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J Biol Chem. 2020 Mar 20;295(12):4014-4023. doi: 10.1074/jbc.RA119.011763. Epub 2020 Feb 10.

Inorganic polyphosphate potentiates lipopolysaccharide-induced macrophage inflammatory response.

Author information

1
Division of Clinical Nephrology and Rheumatology, Niigata University Graduate School of Medical and Dental Sciences, 1-757 Asahimachi-dori, Niigata 951-8510, Japan.
2
Division of Clinical Nephrology and Rheumatology, Niigata University Graduate School of Medical and Dental Sciences, 1-757 Asahimachi-dori, Niigata 951-8510, Japan yamamots@med.niigata-u.ac.jp.
3
Institute for Protein Research, Osaka University, Yamadaoka 3-2, Suita, Osaka 565-0871, Japan.

Abstract

Inorganic polyphosphate (polyP) is a linear polymer of orthophosphate units that are linked by phosphoanhydride bonds and is involved in various pathophysiological processes. However, the role of polyP in immune cell dysfunction is not well-understood. In this study, using several biochemical and cell biology approaches, including cytokine assays, immunofluorescence microscopy, receptor-binding assays with quartz crystal microbalance, and dynamic light scanning, we investigated the effect of polyP on in vitro lipopolysaccharide (LPS)-induced macrophage inflammatory response. PolyP up-regulated LPS-induced production of the inflammatory cytokines, such as tumor necrosis factor α, interleukin-1β, and interleukin-6, in macrophages, and the effect was polyP dose- and chain length-dependent. However, orthophosphate did not exhibit this effect. PolyP enhanced the LPS-induced intracellular macrophage inflammatory signals. Affinity analysis revealed that polyP interacts with LPS, inducing formation of small micelles, and the polyP-LPS complex enhanced the binding affinity of LPS to Toll-like receptor 4 (TLR4) on macrophages. These results suggest that inorganic polyP plays a critical role in promoting inflammatory response by enhancing the interaction between LPS and TLR4 in macrophages.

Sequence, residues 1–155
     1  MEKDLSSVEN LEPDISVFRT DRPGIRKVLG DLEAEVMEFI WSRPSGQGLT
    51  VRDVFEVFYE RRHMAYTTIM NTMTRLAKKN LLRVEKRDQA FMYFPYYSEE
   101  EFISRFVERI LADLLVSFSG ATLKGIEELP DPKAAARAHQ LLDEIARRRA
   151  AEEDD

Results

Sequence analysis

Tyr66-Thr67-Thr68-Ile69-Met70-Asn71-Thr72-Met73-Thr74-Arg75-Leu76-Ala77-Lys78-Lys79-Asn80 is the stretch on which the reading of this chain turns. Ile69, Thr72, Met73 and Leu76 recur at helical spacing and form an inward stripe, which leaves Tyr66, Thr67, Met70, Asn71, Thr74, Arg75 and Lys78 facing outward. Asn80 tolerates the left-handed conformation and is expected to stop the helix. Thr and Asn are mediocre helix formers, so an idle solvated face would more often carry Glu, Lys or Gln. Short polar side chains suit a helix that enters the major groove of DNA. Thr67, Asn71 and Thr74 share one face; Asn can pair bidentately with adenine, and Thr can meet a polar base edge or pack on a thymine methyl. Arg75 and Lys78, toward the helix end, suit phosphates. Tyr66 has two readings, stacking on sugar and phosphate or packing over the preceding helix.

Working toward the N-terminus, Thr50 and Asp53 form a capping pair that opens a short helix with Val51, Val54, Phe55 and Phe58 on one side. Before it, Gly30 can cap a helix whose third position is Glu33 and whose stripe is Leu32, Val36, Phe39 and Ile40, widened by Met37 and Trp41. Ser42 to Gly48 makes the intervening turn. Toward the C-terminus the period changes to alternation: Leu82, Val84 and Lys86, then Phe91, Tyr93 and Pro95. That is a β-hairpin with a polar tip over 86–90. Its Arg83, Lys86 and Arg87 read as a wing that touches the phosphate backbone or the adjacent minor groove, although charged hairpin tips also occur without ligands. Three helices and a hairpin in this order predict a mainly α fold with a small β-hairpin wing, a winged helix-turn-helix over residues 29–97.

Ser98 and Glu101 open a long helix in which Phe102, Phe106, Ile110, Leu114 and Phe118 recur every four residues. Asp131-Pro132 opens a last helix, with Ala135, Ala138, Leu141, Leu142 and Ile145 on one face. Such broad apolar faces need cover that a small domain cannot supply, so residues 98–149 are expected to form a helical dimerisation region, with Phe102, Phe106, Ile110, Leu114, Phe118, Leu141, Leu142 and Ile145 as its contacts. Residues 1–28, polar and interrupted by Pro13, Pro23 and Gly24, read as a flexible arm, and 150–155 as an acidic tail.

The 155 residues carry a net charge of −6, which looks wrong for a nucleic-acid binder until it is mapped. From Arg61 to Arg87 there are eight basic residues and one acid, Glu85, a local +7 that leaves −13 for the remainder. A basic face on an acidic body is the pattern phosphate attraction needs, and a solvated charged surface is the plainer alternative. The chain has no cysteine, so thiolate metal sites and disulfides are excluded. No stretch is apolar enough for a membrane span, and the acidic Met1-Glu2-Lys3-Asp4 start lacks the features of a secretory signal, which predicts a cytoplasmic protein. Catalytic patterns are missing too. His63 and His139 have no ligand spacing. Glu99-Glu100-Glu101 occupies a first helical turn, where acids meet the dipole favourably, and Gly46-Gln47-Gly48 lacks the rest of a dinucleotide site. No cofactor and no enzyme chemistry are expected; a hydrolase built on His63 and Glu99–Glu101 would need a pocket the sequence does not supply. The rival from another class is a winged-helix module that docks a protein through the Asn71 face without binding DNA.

KEYWORDS:

LPS micelle formation; infection; inflammation; inflammatory response; lipopolysaccharide (LPS); macrophage; micelle; polyphosphate

PMID:
32041779
PMCID:
PMC7086024
[Available on 2021-03-20]
DOI:
10.1074/jbc.RA119.011763

Conflict of interest statement

The authors declare that they have no conflicts of interest with the contents of this article.

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